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19th Jan 2019

EUobserver receives human rights prize

  • Magnitsky award winners in London on Monday (Photo: Anna Aleksandra Koj)

EUobserver journalist Andrew Rettman on Monday (16 November), in London, received the Sergei Magnitsky Human Rights Award for European coverage of the case.

Magnitsky was a Russian auditor who was killed in prison in 2009 after exposing a $240 million tax scam involving high-level officials.

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  • Rettman: Honest judges more important than revolutionaries

His employer at the time, British hedge fund manager Bill Browder, launched an international campaign to bring his killers to justice.

It saw the US, in 2012, pass the Magnitsky Rule of Law Accountability Act, prompting the State Department to impose visa bans and asset freezes on at least 18 people involved in the plot.

Browder also campaigned for parallel EU sanctions. He demonstrated the killers used banks in EU countries to launder stolen money and frequently holiday in European cities.

Some funds were frozen by individual jurisdictions. But despite several EU Parliament and national parliament resolutions, the EU didn’t take collective action to this day.

The 2015 Magnitsky awards is the first edition of what is to be an annual event.

Speaking at the ceremony in Westminster, Rettman said: “Sergei Magnitsky stands out for the kind of qualities which often appear all-too small: moral clarity; patience; tenacity; humility.”

“The message of the Magnitsky story is that no country can ever be great, or a responsible neighbour, or a credible partner in a common cause, if it tramples its own people’s fundamental rights.”

“Countries like Russia need honest judges as much as, if not more than, they need revolutionaries.”

The other eight winners of the 2015 awards include: Guy Verhofstadt, the leader of the Liberal group in the EU Parliament; Jim McGovern, a US Congressman; Irwin Cotler, a Canadian former attorney general; investigative journalist group OCCRP; and, posthumously, Russian opposition leader Boris Nemtsov, who was shot in Moscow in March.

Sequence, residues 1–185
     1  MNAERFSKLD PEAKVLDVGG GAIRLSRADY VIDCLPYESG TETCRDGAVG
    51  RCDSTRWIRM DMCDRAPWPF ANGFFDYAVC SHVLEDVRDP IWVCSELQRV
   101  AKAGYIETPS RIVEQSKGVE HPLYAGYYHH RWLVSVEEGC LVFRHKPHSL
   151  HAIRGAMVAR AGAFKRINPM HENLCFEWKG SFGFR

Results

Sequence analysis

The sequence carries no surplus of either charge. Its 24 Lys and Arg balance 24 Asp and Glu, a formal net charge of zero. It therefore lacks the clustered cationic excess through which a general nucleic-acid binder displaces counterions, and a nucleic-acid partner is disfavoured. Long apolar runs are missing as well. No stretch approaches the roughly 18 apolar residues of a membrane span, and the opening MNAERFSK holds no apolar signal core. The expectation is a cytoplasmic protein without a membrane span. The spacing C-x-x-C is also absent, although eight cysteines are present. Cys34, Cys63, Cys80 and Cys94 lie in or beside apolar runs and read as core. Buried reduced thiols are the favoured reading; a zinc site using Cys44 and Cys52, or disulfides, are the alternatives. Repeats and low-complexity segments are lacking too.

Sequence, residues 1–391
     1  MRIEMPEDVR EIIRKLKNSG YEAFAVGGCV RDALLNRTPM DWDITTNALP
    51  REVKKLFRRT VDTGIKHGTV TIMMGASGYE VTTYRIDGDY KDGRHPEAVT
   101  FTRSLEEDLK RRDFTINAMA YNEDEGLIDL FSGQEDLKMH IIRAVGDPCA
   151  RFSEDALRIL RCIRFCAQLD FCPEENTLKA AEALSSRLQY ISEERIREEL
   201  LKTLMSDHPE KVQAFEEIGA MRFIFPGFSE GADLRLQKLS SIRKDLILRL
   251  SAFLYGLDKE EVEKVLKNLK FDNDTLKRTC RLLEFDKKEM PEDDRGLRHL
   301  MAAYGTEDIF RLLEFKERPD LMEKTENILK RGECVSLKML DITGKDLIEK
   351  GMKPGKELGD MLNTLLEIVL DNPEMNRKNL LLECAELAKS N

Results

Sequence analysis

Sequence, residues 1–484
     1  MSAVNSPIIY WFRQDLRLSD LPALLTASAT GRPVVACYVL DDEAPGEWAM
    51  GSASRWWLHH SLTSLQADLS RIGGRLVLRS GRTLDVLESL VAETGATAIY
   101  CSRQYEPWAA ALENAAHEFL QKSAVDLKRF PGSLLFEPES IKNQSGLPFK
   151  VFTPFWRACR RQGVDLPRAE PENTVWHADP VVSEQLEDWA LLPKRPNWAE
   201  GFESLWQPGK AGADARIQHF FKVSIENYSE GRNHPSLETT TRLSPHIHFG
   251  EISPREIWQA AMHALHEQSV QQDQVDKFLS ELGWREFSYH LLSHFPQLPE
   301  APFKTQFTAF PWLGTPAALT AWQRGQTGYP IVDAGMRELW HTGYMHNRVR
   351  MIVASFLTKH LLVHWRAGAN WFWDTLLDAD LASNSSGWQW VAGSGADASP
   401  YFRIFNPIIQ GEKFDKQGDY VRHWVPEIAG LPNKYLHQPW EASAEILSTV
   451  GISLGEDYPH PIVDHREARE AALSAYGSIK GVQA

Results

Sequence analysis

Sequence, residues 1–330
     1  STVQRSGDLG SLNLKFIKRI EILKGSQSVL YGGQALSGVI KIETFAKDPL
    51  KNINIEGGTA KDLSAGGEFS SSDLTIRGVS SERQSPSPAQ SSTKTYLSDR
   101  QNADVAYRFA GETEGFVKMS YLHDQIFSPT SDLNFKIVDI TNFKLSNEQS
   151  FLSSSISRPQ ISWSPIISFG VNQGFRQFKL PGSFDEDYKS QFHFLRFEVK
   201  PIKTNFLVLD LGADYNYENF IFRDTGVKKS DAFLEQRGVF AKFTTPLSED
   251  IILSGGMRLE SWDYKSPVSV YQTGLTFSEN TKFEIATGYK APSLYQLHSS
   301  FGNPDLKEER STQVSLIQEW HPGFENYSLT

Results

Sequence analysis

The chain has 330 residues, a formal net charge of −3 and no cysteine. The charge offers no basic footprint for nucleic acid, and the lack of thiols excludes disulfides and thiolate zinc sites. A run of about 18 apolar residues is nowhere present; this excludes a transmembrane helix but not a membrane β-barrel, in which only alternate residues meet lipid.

The event was attended by Magnitsky’s son and widow, as well as by Nemtsov’s daughter, Zhanna, who collected the prize in her late father’s name.

Other guests included Vladimir Kara-Murza, one of Nemtsov’s associates, who is recovering after being poisoned in July, and Mikheil Khodorkovsky, an oligarch-turned-reformer, who spent 10 years in prison in Russia before moving to London.

Oleg Navalny

For his part, Verhofstadt promised to put pressure on the EU to “take action” on Oleg Navalny, the brother of Russian anti-corruption activist Alexei Navalny, who was jailed last year on dubious charges.

Navalny's associates describe the move as a “new policy of hostage-taking against the opposition.”

Meanwhile, McGovern, who was instrumental in passing the Magnitsky Act in the US, urged European governments to follow suit.

“There are too many people in government who think their job is just to keep things calm: ‘We have a relationship with [Russian leader] Putin, let’s not rock the boat’,” he said.

"Sometimes you have to act just because it's the right thing to do."

Sabine Leutheusser-Schnarrenberger, a former justice minister in Germany, said: “I tried, but unfortunately without success, to pass a Magnitsky Act also in Germany.”

Authentic hero

Cotler, who in the past gave legal advice to prominent prisoners of conscience, such as Nelson Mandela, gave tribute to Browder for popularising the cause of Magnitsky, whom he called “an authentic human rights hero - a person of uncommon courage, integrity, dignity.”

Chris Bryant, an MP from the Labour Party, the main opposition party in the UK, noted that London and Washington are, following the Paris attack, more open to working with Moscow against Islamic State.

But he “pledged” to hold British PM David Cameron “to account” on his promise to take a tough line with Russia over its invasion of Ukraine.

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